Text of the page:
Cerebral Venous Thrombosis in Older Patients

Stroke. 2018 Jan;49(1):197-200. doi: 10.1161/STROKEAHA.117.019483. Epub 2017 Dec 4.


Background and purpose: Cerebral venous thrombosis (CVT) is rare in older patients. We investigated whether clinical features and outcomes differ in older and younger patients.

Methods: We used data from a multicenter observational registry of consecutive adult patients with CVT admitted between 1987 and 2016. We compared demographics, clinical manifestations, and outcomes between older (upper quartile of the age distribution) and younger (lower 3 quartiles of the age distribution) patients.

Results: Data for 843 patients with CVT were available. The median age was 43 years (interquartile range, 30-55 years). Older patients (≥55 years; n=222) were less often women than younger patients (48% versus 71%; P<0.001) and less often reported headache (63% versus 87%; P<0.001). Cancer was more common in older patients (24% versus 9%; P<0.001), especially solid malignancies (19% versus 5%; P<0.001). Outcome at follow-up was worse in older patients (modified Rankin Scale, 3-6; adjusted odds ratio, 2.68; 95% confidence interval, 1.78-4.03; mortality, adjusted odds ratio, 2.13; 95% confidence interval, 1.09-4.19).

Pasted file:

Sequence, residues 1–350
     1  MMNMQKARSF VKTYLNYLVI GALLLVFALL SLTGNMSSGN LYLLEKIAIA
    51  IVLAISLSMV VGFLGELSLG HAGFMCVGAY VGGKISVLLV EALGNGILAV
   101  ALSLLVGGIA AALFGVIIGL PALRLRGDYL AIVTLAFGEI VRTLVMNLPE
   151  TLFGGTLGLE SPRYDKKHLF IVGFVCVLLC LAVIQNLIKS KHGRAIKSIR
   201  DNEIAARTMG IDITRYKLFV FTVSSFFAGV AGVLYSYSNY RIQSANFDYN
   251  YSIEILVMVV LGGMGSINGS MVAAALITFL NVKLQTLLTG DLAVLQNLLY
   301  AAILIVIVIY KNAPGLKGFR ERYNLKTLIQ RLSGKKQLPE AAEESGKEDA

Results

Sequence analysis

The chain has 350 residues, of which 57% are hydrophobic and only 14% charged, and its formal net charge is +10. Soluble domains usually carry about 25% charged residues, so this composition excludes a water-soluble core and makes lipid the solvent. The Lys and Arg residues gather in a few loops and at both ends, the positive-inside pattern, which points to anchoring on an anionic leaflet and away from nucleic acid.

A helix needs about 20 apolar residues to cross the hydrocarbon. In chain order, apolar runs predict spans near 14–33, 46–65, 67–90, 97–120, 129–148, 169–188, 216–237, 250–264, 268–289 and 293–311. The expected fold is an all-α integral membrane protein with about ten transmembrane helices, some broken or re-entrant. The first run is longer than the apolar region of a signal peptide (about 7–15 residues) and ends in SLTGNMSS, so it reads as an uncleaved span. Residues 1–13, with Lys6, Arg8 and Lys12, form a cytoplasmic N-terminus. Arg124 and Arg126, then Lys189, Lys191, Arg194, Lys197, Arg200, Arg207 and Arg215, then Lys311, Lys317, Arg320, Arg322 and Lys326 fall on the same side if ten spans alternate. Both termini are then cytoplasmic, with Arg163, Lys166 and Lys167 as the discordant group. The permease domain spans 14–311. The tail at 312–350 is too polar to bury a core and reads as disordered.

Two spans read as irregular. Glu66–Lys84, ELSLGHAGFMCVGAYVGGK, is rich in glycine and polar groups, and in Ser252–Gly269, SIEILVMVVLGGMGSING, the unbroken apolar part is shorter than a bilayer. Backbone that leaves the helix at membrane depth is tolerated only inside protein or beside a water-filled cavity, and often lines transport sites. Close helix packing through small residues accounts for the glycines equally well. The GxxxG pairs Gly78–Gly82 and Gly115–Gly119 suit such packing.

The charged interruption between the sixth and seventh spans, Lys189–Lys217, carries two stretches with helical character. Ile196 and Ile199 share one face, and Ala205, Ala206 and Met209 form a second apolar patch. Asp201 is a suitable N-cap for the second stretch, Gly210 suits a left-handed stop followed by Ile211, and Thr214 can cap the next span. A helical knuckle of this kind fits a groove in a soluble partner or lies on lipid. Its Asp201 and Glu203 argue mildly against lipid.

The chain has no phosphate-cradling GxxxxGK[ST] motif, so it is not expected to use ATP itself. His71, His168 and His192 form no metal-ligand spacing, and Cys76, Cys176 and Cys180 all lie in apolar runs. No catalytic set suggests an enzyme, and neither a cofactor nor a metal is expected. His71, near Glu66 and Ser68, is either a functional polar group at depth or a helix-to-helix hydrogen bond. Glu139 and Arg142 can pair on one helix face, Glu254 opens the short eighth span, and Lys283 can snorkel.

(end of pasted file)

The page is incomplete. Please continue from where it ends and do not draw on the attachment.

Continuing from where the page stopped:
Conclusions: The sex ratio of CVT is evenly distributed in older patients, probably because of the dissipation of hormonal influences. Malignancy should be considered as a potential precipitant in older patients with CVT.

Keywords: aged; hormones; neoplasms; stroke; venous thrombosis.

Publication types

  • Multicenter Study
  • Observational Study
  • Research Support, Non-U.S. Gov't

MeSH terms

  • Adult
  • Disease-Free Survival
  • Female
  • Follow-Up Studies
  • Humans
  • Intracranial Thrombosis* / diagnosis
  • Intracranial Thrombosis* / etiology
  • Intracranial Thrombosis* / mortality
  • Intracranial Thrombosis* / therapy
  • Male
  • Middle Aged
  • Neoplasms / diagnosis
  • Neoplasms / mortality
  • Neoplasms / therapy
  • Registries*
  • Retrospective Studies
  • Sex Factors
  • Survival Rate